The world is full of charlatans that dont know **** EVEN WITHIN their area of expertise.
They never themselves tested their knowledge and they learned from other men that never tested it. - Bill Mahoney rec.martial-arts newsgroup posting August 31, 2003
5.1 What about all the other possibilities that could happen in a fight that can’t happen in a ring? Like multiple opponents, dirty tricks, and weapons?
What about them? Sportfighters have friends too and how hard is it to learn how to bite someone?
Why the assumption that my opponents friends will get involved? Don't you think my friends, that also happen to be athletes, are just about salivating at the thought of my opponents buddies getting involved? Why should I have all the fun? And just who do you think will have a better handle on using the bottles, chairs and tables that are in the vicinity? I would imagine that an athlete that can Power Clean 375 could probably swing a mean table
To sum it up lets look at it this way. What kind of guy usually does well in sports? Competitive, highly motivated, focused, pain tolerant, highly conditioned, strong and has way too much testosterone.
Now take that guy, and tell him he can bite, eye gouge, pick something up and hit his opponent with it, and you have an animal that most people cannot handle. -Paul Sharp (http://www.straightblastgym .com/street01.htm)
5.2 Well a lot of the Pax Baculum guys endorse schools that teach grappling techniques and other sports-based training now. In fact they say they train full-resistance/full-contact themselves.
They sheepishly acknowledge the benefits but really don’t embrace it. Also realize that a lot of schools have adopted the façade of full-resistance training but still don’t incorporate the principles correctly even though to a novice it may look convincing.
5.3 How do you know a lot of these guys don’t train hard the way you’re proposing? They talk like they’re doing just what you’re saying.
Because they say things like this:
Even at "high" levels in training you are bound to slip up once in a while and get caught. Last night was such a night for me Laughing While training in our "Circle of Death" I got caught with a lead right hook. The punch hit my cheek bone and part of my eye. For a second I was like "WOW! I got hit." which was surprising to me because I usually don't get caught with that shot...... – Pax Baculum User and Kung Fu Instructor (emphasis added)
The “Circle of Death” sounds menacing, but by their own description (http://www.themartialist.co m/1003/circleofdeath.htm) it’s simply this:
The typical Circle of Death is a loose circle of all the students arranged about the perimeter of the training area. A direction for moving around the Circle is chosen; we'll assume clockwise for purposes of this article. The first student enters the center of the Circle and turns to face the classmate who was standing to his or her left.
The classmate attacks and the student at the center of the Circle of Death defends against that attack. The student then turns to face the next classmate in the Circle, who attacks. The cycle repeats until the student again faces his or her first "attacker," at which point the two exchange places. – Phil Elmore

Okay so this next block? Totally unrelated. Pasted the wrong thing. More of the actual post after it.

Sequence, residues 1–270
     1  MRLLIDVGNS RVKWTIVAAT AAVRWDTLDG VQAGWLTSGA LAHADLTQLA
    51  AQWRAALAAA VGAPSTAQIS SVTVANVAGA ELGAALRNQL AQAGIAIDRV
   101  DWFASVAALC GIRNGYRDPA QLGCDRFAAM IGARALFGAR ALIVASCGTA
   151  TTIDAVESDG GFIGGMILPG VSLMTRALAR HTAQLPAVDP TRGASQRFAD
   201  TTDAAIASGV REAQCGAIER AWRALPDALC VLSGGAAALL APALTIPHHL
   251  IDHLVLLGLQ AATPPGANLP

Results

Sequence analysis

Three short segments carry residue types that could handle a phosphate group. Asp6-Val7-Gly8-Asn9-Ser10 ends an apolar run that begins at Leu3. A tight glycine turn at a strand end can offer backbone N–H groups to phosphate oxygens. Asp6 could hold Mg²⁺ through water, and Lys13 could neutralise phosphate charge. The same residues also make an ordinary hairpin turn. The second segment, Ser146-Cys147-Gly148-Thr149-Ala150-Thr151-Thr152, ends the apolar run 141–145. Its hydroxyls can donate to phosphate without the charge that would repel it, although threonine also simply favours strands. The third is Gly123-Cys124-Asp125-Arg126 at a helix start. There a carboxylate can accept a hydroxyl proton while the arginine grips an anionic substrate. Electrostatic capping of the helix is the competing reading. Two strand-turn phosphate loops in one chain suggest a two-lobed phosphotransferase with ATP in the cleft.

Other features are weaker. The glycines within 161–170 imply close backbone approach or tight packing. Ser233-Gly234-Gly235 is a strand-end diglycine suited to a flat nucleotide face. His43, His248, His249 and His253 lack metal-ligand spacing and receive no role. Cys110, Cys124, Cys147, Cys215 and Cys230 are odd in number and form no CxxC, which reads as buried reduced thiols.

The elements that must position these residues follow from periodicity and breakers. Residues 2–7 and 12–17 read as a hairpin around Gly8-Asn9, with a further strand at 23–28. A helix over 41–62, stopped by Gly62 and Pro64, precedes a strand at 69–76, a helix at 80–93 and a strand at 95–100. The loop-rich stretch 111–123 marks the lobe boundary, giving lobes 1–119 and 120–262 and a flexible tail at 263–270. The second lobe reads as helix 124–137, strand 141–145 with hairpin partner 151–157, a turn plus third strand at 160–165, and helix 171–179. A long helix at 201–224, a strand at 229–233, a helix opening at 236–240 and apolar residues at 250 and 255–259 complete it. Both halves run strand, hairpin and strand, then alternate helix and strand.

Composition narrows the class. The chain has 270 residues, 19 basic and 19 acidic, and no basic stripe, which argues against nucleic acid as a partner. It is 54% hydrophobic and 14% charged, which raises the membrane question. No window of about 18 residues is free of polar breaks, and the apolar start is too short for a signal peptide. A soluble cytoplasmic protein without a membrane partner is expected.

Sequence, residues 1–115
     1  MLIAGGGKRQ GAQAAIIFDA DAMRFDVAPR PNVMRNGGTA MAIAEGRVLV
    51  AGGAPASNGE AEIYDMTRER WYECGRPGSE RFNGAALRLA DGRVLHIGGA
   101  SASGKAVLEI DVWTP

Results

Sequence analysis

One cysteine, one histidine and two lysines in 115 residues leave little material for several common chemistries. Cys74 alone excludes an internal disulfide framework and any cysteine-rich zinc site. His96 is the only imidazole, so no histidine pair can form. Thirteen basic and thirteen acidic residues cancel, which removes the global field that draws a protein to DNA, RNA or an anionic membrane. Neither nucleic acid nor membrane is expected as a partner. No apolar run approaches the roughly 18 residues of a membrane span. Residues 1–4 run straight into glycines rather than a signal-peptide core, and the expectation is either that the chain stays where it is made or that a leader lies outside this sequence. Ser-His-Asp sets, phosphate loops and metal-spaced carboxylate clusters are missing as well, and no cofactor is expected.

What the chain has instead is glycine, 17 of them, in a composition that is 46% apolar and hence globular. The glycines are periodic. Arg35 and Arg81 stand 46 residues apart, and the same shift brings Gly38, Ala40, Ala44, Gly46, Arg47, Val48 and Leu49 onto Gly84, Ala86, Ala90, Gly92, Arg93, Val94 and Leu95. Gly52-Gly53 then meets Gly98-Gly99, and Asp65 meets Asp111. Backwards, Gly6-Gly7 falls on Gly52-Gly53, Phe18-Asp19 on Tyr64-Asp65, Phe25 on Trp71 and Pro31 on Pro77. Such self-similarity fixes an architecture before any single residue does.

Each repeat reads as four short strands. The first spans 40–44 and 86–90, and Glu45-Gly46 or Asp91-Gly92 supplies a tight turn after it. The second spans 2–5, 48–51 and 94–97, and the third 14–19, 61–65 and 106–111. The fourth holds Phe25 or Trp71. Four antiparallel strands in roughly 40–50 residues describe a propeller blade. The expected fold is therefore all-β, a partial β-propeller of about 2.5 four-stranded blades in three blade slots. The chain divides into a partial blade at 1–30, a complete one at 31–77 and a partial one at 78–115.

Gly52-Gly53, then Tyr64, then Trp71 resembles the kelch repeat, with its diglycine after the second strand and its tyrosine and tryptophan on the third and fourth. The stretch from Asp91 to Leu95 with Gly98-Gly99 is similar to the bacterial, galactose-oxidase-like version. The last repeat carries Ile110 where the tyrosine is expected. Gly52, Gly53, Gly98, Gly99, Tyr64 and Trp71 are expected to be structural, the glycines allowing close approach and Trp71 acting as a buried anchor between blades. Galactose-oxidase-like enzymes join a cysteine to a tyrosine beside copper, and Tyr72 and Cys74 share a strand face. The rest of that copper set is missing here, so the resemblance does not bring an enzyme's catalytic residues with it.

This exercise suffers from the same problems that most of this type of training does: There is a pre-scripted winner and loser and it doesn’t offer full-resistance.
Note that none of the participants are wearing protective gear (gloves at a minimum) in the photos of this article (at least not at the time of this writing). Does this mean they’re bareknuckle brawling or, more likely, are they pulling their punches? How is pulling punches closer to actual fighting than hard sparring?
If you’re training full-resistance striking techniques in class you should be wearing protective gear to protect you and your partner from injury. Not wearing protective gear tells you immediately that a school isn’t training with full-resistance in their striking.
The bottom line is if you fight you get hit. Most non-sports training methods don’t train that realistically, that’s why you hear them proclaiming such things as “WOW! I got hit” when they train. Frankly in most sport-based schools that do striking it would be the exceptionally rare class where you didn’t get hit (many times no less) during training.
5.4 So do they advocate sparring or not?
No they don’t.
.... I don't believe in "sparring" per say.... instead... I have more faith in combat drills and scenereo training. – Pax Baculum User and Kung Fu Instructor
Sportfighters engage in harder contact training than do many people engaged in martial arts, RBSD, self-defense curricula, and other athletic activities, but what they do still contains the same element of theory in that a consensual bout against a single person who meets you for the purpose of the bout and shares your goal to win it.
Telling ourselves that this better prepares us for self-defense is as self-deluding as would be training in a no-contact tournament art. Only the level of athleticism differs. Being stronger and better able to engage in consensual conflict certainly has its advantages, but it is not self-defense training any more than is rugby. – Phil Elmore
This is a typical response of a person who does not spar. Yet like most advocates of this approach, he cannot provide any non-anecdotal evidence why what they propose works better.